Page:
A Story Of First Love And What We Don't Know

First Love.

You hear a lot about it. How you never forget. If I’m honest, I had a lot of “first loves,” and not a lot of love. What can I say? It was what you might call a rough adolescence.

As it turns out, though, one was different. I just didn’t know it. The story plays out like this:

Rob was an awesome guy, and more popular than me in high school. He was cool. He was liked. He was handsome. But he had something else going for him. While I would not have been able to name it then, today I’d say it was substance and soul.

I might have had substance and soul as well, but I was an outsider. Not as pretty as his girlfriend. Not as popular. You don’t try to compete with girls like that. You don’t even think to.

Despite the disparities, we had a date. I know, I know—he was already taken. But truth be told, I didn’t think I could afford to have a lot of rules about things like that.

It was lovely. We had wine (something he’d never tried), and he showed me a thing or two about sex I’d yet to discover—for that reason alone I’d remember him forever. But like most of my high school “loves,” it was one date and done.

Advance thirty-plus years. He finds me on Facebook. He later says seeing me there took his breath away. It took mine away, though I could not say why.

I like to imagine the fates were perching above us, smiling and murmuring amongst themselves: “Let’s see how it goes this time…”

It feels important to note here that I am deeply happy in my marriage. Rob is, too. So whatever “this” was, it wasn’t about a clandestine affair or a reunion that would dramatically change four lives.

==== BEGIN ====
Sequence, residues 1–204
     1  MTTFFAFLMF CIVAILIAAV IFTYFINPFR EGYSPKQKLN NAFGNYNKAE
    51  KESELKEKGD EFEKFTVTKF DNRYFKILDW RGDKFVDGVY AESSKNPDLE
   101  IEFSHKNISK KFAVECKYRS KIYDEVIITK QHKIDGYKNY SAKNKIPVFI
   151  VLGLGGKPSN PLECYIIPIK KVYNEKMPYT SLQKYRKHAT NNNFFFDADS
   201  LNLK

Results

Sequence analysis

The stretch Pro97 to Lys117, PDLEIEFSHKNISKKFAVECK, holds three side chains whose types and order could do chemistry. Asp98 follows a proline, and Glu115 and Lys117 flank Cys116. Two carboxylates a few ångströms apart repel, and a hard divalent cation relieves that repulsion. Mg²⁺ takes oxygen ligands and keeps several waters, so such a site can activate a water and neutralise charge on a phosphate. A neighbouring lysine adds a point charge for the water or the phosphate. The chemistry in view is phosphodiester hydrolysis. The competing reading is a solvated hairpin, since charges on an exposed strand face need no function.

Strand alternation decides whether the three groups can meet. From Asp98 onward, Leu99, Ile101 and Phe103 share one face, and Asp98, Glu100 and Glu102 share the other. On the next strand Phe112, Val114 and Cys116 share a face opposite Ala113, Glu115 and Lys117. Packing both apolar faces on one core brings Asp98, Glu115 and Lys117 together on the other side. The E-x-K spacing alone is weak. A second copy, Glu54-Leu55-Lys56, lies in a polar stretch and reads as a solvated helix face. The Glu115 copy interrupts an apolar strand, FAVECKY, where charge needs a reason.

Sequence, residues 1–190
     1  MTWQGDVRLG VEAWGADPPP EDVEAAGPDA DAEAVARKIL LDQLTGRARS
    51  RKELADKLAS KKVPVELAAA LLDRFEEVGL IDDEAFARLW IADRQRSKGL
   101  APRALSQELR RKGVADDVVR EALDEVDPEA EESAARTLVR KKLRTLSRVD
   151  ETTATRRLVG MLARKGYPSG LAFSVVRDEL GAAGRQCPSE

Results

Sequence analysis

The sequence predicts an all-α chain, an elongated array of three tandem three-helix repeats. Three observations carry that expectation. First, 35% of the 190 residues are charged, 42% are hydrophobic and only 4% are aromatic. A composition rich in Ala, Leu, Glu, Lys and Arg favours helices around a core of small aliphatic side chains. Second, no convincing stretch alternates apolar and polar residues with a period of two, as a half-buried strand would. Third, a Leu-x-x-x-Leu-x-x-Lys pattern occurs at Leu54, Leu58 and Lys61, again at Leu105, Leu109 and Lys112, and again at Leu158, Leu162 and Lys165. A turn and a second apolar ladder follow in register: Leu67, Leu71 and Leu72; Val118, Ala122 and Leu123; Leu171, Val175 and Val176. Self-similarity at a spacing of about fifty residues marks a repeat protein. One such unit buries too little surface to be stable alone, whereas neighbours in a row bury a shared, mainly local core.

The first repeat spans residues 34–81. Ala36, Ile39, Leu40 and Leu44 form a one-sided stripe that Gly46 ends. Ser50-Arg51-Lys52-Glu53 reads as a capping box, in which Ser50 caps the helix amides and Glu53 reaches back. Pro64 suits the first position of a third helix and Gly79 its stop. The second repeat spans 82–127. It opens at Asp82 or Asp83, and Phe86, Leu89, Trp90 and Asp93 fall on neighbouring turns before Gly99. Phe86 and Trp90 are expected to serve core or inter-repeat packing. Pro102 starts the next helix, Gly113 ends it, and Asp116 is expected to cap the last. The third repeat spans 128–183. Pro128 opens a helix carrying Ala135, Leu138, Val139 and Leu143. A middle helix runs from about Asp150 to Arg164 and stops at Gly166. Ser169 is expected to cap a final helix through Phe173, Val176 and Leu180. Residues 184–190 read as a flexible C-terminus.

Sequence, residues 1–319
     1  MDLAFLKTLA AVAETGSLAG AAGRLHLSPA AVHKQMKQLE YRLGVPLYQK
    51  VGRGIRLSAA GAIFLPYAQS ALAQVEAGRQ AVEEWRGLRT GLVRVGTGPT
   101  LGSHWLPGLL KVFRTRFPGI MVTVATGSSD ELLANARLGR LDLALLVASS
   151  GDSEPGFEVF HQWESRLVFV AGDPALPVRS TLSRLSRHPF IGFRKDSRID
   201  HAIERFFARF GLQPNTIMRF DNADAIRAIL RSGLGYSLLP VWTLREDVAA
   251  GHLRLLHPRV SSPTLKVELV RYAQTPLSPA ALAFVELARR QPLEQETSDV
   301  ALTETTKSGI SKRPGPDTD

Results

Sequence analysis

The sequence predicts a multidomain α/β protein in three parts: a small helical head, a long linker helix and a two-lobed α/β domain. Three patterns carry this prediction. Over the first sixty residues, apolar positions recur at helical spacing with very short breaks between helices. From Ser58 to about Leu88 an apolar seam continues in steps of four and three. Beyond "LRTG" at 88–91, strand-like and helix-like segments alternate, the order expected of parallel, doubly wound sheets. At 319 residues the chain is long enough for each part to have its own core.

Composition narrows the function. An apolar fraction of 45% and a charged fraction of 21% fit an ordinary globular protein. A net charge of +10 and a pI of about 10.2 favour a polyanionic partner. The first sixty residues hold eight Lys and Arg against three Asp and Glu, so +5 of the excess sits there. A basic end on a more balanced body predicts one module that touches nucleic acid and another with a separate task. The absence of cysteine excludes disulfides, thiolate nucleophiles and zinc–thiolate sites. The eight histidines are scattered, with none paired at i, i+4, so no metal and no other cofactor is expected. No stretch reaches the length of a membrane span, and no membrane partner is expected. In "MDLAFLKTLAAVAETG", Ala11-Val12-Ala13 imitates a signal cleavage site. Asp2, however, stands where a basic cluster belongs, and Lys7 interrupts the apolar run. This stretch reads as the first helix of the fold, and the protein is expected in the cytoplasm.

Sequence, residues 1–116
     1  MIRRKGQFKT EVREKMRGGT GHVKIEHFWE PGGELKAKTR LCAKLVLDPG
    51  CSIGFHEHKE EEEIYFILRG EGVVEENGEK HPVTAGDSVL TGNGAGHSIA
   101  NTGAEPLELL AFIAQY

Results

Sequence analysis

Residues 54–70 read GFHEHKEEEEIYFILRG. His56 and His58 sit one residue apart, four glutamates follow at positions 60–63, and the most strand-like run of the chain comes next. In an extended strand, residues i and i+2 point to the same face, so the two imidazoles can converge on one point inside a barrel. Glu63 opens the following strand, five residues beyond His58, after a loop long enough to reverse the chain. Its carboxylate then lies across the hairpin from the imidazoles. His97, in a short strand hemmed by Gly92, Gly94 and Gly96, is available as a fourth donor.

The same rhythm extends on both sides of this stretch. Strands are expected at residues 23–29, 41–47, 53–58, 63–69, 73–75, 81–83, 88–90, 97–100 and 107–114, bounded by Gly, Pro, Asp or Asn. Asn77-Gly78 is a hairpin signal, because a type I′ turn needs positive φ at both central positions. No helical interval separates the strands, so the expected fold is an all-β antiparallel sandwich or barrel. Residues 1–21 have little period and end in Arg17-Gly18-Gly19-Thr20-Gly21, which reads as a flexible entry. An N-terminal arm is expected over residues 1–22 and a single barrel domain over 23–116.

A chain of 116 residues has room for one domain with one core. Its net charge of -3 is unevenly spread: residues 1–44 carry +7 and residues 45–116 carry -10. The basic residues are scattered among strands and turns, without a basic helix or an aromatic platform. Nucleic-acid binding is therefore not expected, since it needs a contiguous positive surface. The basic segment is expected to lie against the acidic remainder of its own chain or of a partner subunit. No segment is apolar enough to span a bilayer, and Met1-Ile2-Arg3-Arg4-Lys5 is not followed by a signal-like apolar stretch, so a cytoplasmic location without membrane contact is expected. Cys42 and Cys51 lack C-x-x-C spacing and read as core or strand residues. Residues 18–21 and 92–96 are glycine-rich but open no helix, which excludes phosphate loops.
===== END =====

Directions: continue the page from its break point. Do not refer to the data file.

But if it wasn’t that, what was it? And why did it feel this way, so long after? The question hung in the air.

I casually said I’d love to chat. He said he wanted to read one of my books first. No fair. He’d know a lot more about me today that I would about him. Then again, he might not like my books, and that would probably be good to know up front.

Turns out, he liked the one he read. He was ready to talk. And so from Texas to Maryland, across the phone, two souls once again touched at a pinpoint moment in time and space.

If that sounds dramatic, all I can say is you weren’t there. You didn’t feel it.

I expected a talk about our lives, maybe my book, how Facebook was changing the world. But he had something to say, something he’d waited a long, long time to say.

It utterly blew me away.

“I thought about you constantly after that one date. For years it was daily. Then, because it was ruining my life, I forced it to an every week or so category. When I met my wife, maybe once every month.”

There’s a reason for the cliché about your heart pounding. You can feel it, and you’d swear someone standing close by would be able to see it. You put your hand to your chest and try to breathe normally.

“I was stupid,” he continued. “I didn’t know how to stop living my superficial life, to stop caring what other people thought. But no one had ever made me feel like you made me feel. Like at that moment, I was special, and the only person you cared about. You were so kind and thoughtful. You planned out the date with wine and everything. Afterwards, I didn’t know what to think or what to do.”

Like a bullet ricocheting down a long set of narrow alley walls, I was trying to make sense of it.

Someone loved me, and I didn’t know?